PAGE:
“We should beware of the demagogues who are ready to declare a trade war against our friends – weakening our economy, our national security, and the entire free world – all while cynically waving the American flag.” – Ronald Reagan (1988 national radio address)
Please understand that I do not highlight the above passage to argue for or against any particular global trade policy stance. Rather, I want to step back a bit and explore how we arrived at this moment in time.
The concept of trade is fundamental to the history of human civilization.
The first documented complex human societies were built around agricultural settlements. The most fortunate of these communities were able to generate enough food to feed their population and then some, which in turn freed up their resources to pursue other improvements to the group’s quality of life. Bartering with outsiders became the quickest path to obtaining needed supplies, services, or the latest technologies (not every society was blessed with a prehistoric Thomas Edison).
Trade was somewhat limited in its infancy to transactions between neighboring villages and/or nomadic clans. However, advancements in boat construction around 3000 BC allowed ambitious traders to travel long distances in a fraction of the time. And off we went.
The theoretical benefits of trade were as true back then as they are today.
If you have an excess amount of an item, you would be better off exchanging that item for something you do not have enough of. There are also production efficiencies to trade. If you have the ability to produce a product better than competitors, it makes sense for you to focus on making that product. You can always trade for the products that you cannot produce as efficiently.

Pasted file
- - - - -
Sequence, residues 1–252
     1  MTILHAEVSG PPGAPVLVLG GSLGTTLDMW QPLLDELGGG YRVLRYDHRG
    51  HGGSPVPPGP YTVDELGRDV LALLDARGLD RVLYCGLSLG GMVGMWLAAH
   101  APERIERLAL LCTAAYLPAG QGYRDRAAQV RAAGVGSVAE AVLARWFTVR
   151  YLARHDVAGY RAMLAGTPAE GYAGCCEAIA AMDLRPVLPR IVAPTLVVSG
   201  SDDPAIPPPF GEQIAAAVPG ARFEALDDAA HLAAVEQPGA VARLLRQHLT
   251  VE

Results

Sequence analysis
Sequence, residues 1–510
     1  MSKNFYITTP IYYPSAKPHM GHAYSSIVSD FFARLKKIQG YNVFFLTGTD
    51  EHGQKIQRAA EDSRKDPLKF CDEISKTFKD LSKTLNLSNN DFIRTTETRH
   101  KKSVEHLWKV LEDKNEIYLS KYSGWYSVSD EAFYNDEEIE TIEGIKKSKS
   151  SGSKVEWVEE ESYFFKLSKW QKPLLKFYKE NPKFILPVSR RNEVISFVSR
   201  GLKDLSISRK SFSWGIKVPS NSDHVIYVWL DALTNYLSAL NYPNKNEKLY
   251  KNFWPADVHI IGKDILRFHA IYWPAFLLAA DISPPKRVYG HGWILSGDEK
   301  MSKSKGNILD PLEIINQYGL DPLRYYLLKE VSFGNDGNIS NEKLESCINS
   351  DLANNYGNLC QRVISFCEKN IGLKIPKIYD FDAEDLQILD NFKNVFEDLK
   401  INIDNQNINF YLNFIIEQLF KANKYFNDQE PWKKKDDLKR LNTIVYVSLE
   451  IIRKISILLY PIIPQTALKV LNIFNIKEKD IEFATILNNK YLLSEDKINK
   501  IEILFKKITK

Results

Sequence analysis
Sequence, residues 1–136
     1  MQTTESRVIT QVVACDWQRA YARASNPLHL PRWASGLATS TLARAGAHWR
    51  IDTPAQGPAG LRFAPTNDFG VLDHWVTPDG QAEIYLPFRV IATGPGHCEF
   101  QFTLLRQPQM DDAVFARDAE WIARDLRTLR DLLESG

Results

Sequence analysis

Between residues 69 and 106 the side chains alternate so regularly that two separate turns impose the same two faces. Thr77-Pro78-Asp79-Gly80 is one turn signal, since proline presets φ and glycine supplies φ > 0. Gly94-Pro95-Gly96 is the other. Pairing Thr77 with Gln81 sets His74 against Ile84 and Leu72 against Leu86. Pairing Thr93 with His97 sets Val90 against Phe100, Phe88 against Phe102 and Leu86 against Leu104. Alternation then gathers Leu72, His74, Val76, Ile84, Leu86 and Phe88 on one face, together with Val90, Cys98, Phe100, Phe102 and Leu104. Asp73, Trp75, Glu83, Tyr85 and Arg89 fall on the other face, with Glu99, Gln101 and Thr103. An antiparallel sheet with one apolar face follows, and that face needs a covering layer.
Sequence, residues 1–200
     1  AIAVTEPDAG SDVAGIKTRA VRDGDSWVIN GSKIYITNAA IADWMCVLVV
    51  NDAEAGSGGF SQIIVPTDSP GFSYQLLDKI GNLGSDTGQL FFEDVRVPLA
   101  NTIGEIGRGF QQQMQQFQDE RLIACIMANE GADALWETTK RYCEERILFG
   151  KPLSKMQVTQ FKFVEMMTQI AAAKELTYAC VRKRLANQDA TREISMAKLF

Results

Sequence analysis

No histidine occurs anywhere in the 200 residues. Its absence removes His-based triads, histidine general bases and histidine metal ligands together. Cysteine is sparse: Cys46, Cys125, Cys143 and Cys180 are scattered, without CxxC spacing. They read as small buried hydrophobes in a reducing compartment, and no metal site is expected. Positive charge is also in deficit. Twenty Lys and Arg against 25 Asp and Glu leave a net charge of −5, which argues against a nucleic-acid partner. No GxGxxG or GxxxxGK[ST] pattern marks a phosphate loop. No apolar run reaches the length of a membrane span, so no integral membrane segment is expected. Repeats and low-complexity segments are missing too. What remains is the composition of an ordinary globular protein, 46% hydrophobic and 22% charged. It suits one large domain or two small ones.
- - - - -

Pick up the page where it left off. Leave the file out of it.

So, trade is a no brainer, right? Well not exactly. As the adage goes there is no such thing as a free lunch.
By definition, trade requires two sides to come together to agree on a deal. Generally speaking parties will only willingly agree to deals that are in their self-interest. Thus, your trade counterpart is often benefitting as much from the transaction as you are and potentially more. This may not be strategically desirable if you are already the stronger of the two parties. Additionally, trade requires an element of trust. If your trade partner does not abide by the terms of the deal you could end up worse off then you were before.
Which brings us back to the words of Ronald Reagan. Trade with “friends” makes economic sense for everyone, but trade with bad actors that bend the rules to serve their own interests might not.
The United States and United Kingdom established the General Agreement on Tariffs and Trade (GATT) in 1947 in an effort to corral global nations into the “friends” camp following World War II. This accord eventually evolved into the formation of the World Trade Organization (WTO) in 1995. While not perfect, the WTO has been enormously successful in facilitating global trade. Today, 164-member nations accounting for 98% of global trade have been integrated into the WTO to some degree. Not coincidentally, the average global import tariff rate has declined from around 30% in the early 1980’s to close to 5% today.